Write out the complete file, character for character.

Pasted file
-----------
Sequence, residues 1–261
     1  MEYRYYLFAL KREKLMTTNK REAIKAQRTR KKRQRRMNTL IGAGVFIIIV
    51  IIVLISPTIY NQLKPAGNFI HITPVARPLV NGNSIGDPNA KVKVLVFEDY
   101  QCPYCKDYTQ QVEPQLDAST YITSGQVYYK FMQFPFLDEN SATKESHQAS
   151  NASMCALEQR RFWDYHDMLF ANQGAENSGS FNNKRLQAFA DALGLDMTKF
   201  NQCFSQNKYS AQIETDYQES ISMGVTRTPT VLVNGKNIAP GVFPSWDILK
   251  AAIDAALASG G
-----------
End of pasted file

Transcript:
Sequence, residues 1–261
     1  MEYRYYLFAL KREKLMTTNK REAIKAQRTR KKRQRRMNTL IGAGVFIIIV
    51  IIVLISPTIY NQLKPAGNFI HITPVARPLV NGNSIGDPNA KVKVLVFEDY
   101  QCPYCKDYTQ QVEPQLDAST YITSGQVYYK FMQFPFLDEN SATKESHQAS
   151  NASMCALEQR RFWDYHDMLF ANQGAENSGS FNNKRLQAFA DALGLDMTKF
   201  NQCFSQNKYS AQIETDYQES ISMGVTRTPT VLVNGKNIAP GVFPSWDILK
   251  AAIDAALASG G